Channelpedia

PubMed 26195825


Referenced in Channelpedia wiki pages of: none

Automatically associated channels: TRP



Title: ATP stimulates pannexin 1 internalization to endosomal compartments.

Authors: Andrew K J Boyce, Michelle S Kim, Leigh E Wicki-Stordeur, Leigh Anne Swayne

Journal, date & volume: Biochem. J., 2015 Sep 15 , 470, 319-30

PubMed link: http://www.ncbi.nlm.nih.gov/pubmed/26195825


Abstract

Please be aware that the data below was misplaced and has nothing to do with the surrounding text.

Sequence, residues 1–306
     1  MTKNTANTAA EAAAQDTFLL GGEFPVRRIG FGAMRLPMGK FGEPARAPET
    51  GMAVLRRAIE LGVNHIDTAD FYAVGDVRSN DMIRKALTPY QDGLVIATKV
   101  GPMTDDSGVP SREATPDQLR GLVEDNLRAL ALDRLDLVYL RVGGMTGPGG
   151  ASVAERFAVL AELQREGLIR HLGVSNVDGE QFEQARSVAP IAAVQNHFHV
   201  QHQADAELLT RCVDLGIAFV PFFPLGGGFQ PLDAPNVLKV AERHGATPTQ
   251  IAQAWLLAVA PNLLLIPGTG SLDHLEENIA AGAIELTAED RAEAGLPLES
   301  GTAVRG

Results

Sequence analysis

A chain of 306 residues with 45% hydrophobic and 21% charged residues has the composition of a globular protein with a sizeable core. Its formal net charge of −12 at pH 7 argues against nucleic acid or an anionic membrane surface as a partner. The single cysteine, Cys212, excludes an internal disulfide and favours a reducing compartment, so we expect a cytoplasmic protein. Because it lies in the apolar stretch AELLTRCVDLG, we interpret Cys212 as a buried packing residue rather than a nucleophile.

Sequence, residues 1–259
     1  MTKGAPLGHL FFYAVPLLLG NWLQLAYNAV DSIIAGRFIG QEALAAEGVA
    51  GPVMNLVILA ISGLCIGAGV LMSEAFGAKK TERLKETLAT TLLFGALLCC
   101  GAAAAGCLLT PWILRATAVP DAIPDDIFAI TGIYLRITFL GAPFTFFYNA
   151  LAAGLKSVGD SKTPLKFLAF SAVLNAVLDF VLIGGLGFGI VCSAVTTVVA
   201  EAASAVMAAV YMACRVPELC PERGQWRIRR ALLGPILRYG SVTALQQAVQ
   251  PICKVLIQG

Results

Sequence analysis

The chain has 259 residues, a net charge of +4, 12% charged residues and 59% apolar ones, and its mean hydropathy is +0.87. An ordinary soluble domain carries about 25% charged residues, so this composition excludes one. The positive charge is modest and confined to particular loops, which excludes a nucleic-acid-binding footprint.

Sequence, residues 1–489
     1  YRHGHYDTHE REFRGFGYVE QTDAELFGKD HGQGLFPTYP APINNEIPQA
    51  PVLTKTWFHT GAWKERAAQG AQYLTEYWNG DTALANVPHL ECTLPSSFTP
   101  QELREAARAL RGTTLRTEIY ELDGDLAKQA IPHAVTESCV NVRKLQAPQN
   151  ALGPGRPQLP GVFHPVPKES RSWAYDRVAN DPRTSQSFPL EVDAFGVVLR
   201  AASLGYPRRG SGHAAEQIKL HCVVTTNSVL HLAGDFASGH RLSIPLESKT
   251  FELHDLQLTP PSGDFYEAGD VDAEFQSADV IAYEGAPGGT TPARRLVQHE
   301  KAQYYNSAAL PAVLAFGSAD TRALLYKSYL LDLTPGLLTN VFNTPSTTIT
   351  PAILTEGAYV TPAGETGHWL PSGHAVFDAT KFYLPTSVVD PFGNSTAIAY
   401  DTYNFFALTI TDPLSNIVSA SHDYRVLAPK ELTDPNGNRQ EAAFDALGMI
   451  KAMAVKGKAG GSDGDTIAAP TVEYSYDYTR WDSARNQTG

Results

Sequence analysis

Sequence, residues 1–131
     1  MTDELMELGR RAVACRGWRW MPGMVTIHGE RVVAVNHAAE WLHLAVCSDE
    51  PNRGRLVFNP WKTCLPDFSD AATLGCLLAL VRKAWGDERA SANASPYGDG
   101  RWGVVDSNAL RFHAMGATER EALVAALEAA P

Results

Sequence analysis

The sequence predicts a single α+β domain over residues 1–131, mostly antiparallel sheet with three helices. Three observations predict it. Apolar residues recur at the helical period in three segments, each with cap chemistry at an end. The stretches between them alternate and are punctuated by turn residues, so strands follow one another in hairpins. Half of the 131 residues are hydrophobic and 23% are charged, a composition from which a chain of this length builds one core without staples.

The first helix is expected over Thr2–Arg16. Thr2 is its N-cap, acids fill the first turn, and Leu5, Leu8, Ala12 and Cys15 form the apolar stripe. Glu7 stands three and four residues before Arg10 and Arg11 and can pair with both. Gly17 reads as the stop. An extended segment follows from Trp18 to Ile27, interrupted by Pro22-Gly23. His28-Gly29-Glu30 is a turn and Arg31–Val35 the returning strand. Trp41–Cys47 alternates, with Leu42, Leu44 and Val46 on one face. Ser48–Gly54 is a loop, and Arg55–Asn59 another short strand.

The ubiquitous pannexin 1 (Panx1) ion- and metabolite-permeable channel mediates the release of ATP, a potent signalling molecule. In the present study, we provide striking evidence that ATP, in turn, stimulates internalization of Panx1 to intracellular membranes. These findings hold important implications for understanding the regulation of Panx1 when extracellular ATP is elevated. In the nervous system, this includes phenomena such as synaptic plasticity, pain, precursor cell development and stroke; outside of the nervous system, this includes things like skeletal and smooth muscle activity and inflammation. Within 15 min, ATP led to significant Panx1-EGFP internalization. In a series of experiments, we determined that hydrolysable ATP is the most potent stimulator of Panx1 internalization. We identified two possible mechanisms for Panx1 internalization, including activation of ionotropic purinergic (P2X) receptors and involvement of a putative ATP-sensitive residue in the first extracellular loop of Panx1 (Trp(74)). Internalization was cholesterol-dependent, but clathrin, caveolin and dynamin independent. Detailed analysis of Panx1 at specific endosome sub-compartments confirmed that Panx1 is expressed in endosome membranes of the classical degradation pathway under basal conditions and that elevation of ATP levels diverts a sub-population to recycling endosomes. This is the first report detailing endosome localization of Panx1 under basal conditions and the potential for ATP regulation of its surface expression. Given the ubiquitous expression profile of Panx1 and the importance of ATP signalling, these findings are of critical importance for understanding the role of Panx1 in health and disease.